The software craftsmanship movement talks about practicing as a way to to develop programming skills to become software craftsmen. Technical practices are considered to be important, it takes time to learn them and become better programmers.
An exploration of recent advice from Henrik Knibert, Ward Cunningham and Hayim Makabee on technical debt, how to make the most of it and when to pay it off.
Simplicity, feedback, communication, respect and courage, these eXtreme Programming (XP) values still inspire the team of the XP Days Benelux 2013 conference. InfoQ did an interview with two of the conference hosts, Merlijn van Minderhout and Pascal Van Cauwenberghe, about new developments in agile, successful agile transformations and the needs of European organizations in agile adoption.
Wikispeed founder Joe Justice gave a talk in Wellington, New Zealand, this week in which he spoke about the Wikispeed mission of "Rapidly Solving Problems for Social Good", starting by using agile techniques to build a 100MPG vehicle with the intent of creating a new approach to motor-vehicle manufacturing, using open-source and crowd-source approaches building on agile values and principles.
Forrester have recently released the results of their November 2011 Global Agile Software Application Development Online Survey in a report entitled "Survey Results: How Agile Is Your Organization?" It contains a number of interesting findings around how organisations that have adopted Agile are dealing with their implementation.
A recent post by Paul Dolman-Darrall on the Value, Flow, Quality blog proposed a list of the 20 most influential people in the Agile community.
Agile coach Morgan Ahlström recently turned to the Agile Coach Support mailing list to ask how to deal with an organization that said they wanted the benefits of becoming more agile, but was behaving in ways contrary to that goal.
Several members of the Agile community emphasize the importance of feedback loops in the effectiveness of Agile development processes.
Building software is closely associated with managing a lot of constraints. These constraints might be in terms of time, money, technology, decisions, compatibility, regulatory, people, process or all of the above. Jim Bird discussed the constraints imposed by Scrum, XP and how they help in fostering creativity and building the right software.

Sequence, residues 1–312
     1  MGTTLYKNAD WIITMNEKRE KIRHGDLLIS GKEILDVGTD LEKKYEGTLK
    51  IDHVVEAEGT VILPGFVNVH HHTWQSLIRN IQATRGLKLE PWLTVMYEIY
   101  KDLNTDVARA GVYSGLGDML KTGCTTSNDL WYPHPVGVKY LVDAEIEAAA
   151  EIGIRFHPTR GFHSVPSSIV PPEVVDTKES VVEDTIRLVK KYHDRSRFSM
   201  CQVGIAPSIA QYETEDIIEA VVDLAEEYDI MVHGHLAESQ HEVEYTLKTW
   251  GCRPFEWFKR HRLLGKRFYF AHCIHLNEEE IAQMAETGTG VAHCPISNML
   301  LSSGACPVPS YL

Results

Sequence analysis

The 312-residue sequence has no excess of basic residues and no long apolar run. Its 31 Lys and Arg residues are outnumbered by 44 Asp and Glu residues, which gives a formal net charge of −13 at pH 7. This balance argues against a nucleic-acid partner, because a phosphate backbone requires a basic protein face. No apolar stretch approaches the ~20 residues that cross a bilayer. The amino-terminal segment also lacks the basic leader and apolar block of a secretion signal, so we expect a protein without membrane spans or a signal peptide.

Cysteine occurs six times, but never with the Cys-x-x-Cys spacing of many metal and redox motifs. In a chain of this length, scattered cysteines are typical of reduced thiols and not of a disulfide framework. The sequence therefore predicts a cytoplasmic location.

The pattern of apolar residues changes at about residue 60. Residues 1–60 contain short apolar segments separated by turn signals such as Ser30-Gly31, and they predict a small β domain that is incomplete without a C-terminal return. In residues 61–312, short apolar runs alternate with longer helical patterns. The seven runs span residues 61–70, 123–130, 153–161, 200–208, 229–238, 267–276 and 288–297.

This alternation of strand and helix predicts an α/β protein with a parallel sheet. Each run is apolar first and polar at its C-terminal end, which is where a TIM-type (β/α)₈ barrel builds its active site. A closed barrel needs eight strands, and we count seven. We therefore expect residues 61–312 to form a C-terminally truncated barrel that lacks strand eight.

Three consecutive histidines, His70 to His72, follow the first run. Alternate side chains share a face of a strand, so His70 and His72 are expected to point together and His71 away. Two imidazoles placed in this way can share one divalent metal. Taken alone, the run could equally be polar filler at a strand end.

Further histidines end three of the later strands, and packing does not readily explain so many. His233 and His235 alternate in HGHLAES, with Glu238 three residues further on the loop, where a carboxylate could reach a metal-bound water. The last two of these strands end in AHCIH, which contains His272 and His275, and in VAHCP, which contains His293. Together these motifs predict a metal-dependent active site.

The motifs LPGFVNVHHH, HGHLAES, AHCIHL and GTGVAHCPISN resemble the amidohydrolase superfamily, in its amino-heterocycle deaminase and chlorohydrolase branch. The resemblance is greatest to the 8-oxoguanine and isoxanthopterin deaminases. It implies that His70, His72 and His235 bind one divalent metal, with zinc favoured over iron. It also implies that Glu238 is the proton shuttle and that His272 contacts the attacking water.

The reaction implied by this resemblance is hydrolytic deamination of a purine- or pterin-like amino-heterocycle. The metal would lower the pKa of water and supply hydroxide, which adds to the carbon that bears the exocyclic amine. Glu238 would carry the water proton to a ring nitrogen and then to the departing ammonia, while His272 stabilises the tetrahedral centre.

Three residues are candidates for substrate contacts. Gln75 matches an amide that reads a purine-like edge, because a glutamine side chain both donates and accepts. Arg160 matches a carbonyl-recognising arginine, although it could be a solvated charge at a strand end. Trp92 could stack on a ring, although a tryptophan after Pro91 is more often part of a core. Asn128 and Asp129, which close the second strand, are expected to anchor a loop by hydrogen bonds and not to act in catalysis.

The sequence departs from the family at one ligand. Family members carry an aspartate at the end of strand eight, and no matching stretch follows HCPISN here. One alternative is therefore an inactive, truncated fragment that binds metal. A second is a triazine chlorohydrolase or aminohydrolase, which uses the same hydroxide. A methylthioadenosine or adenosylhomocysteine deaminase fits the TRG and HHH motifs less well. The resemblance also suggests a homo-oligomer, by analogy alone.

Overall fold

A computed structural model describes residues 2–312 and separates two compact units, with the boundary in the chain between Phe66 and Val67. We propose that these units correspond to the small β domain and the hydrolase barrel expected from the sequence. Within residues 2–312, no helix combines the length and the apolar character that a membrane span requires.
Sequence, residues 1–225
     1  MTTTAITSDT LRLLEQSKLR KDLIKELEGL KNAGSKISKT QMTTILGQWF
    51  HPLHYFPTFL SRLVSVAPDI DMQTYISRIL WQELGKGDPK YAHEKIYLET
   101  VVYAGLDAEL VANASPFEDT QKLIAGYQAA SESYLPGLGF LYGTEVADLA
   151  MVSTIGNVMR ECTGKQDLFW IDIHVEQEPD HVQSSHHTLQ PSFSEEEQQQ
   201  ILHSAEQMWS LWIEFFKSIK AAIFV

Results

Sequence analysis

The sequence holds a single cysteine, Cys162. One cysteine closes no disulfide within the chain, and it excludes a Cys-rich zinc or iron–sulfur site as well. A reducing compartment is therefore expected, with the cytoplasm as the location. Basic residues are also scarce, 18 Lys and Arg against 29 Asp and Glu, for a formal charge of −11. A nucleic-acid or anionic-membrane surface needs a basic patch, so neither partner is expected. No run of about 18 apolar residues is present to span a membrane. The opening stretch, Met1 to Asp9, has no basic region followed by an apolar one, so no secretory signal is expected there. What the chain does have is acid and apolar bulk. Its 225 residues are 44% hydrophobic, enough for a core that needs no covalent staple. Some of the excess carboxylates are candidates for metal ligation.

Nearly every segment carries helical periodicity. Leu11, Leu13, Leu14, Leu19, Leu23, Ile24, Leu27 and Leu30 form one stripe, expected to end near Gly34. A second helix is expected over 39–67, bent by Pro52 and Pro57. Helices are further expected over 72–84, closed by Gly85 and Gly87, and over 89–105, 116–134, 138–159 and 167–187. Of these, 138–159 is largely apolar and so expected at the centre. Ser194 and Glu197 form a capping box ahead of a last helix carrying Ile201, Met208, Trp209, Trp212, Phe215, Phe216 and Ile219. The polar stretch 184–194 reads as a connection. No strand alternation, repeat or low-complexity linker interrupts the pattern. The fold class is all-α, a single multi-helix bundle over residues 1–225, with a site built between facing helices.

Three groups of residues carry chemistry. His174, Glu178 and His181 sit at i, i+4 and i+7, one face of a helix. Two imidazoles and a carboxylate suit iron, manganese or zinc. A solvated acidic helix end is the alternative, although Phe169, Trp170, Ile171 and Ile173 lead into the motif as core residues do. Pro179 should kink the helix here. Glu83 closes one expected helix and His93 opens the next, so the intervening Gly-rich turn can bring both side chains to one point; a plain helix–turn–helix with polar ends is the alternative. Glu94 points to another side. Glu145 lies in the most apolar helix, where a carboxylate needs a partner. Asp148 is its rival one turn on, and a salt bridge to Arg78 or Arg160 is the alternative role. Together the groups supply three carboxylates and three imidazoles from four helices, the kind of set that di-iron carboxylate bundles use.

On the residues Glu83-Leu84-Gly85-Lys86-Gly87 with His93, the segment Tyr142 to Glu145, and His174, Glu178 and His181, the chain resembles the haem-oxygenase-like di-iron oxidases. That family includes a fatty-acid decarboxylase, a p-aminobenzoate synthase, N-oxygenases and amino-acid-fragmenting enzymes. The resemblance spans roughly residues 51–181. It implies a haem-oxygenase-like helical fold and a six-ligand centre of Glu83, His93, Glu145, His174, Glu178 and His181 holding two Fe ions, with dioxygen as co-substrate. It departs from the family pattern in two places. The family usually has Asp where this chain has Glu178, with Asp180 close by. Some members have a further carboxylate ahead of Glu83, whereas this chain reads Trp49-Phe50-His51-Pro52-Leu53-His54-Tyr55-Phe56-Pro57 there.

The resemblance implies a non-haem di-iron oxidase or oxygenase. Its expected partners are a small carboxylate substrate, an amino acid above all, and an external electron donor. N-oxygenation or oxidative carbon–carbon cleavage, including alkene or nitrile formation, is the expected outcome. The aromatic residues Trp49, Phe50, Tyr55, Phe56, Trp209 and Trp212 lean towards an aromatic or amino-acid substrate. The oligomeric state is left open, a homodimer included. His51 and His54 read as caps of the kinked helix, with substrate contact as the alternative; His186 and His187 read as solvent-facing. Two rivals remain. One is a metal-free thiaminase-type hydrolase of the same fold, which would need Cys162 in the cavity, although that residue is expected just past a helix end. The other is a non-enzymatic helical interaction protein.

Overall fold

The Agile 2010 conference was held in Orlando from 9-14 August. A number of commentators felt there were not enough sessions focused on the technical practices and programming techniques, including Bob Martin who twittered about the lack of technical sessions. This resulted in a number of responses and the announcement of plans to launch an XP Universe conference in 2011 targeting programmers.
Which is better? Scrum or XP? Is there one that is more applicable than the other or is there another alternative?
Buddha Buck recently asked the Extreme Programming list if there were a velocity range that could be considered 'good' for a team of about seven people doing two-week iterations. He felt that a velocity of eight or below indicated that the team's stories might be too big. The resulting discussion provided some answers to the question, and the questions behind the question.
In this video recorded during QCon London 2008, Pete Goodliffe presents two Linux-based audio products with a complete different outcome, software design making the difference.
In this presentation recorded during QCon SF 2008, Neal Ford, an architect at ThoughtWorks, shows 10 ways to write better code. This is practical advice for developers, but application architects can benefit from it too.
A recent discussion on the Extreme Programming Yahoo Group explored the apparent conflict between making software reusable and the XP practice of not writing code until it is needed. Ron Jeffries and others shared insights about the costs and benefits of code reuse, as well as how and when to do it in an agile environment.